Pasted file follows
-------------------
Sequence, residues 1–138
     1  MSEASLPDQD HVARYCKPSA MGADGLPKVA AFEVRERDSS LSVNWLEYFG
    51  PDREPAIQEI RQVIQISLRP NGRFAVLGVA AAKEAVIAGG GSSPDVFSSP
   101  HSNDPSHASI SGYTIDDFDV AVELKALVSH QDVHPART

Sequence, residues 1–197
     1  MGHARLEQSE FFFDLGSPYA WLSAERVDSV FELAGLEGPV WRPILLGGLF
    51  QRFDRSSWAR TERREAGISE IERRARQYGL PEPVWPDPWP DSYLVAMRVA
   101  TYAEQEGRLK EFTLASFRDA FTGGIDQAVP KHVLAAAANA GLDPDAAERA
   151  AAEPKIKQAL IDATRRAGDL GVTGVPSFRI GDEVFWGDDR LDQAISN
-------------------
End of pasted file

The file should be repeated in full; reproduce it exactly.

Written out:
Sequence, residues 1–138
     1  MSEASLPDQD HVARYCKPSA MGADGLPKVA AFEVRERDSS LSVNWLEYFG
    51  PDREPAIQEI RQVIQISLRP NGRFAVLGVA AAKEAVIAGG GSSPDVFSSP
   101  HSNDPSHASI SGYTIDDFDV AVELKALVSH QDVHPART

Sequence, residues 1–197
     1  MGHARLEQSE FFFDLGSPYA WLSAERVDSV FELAGLEGPV WRPILLGGLF
    51  QRFDRSSWAR TERREAGISE IERRARQYGL PEPVWPDPWP DSYLVAMRVA
   101  TYAEQEGRLK EFTLASFRDA FTGGIDQAVP KHVLAAAANA GLDPDAAERA
   151  AAEPKIKQAL IDATRRAGDL GVTGVPSFRI GDEVFWGDDR LDQAISN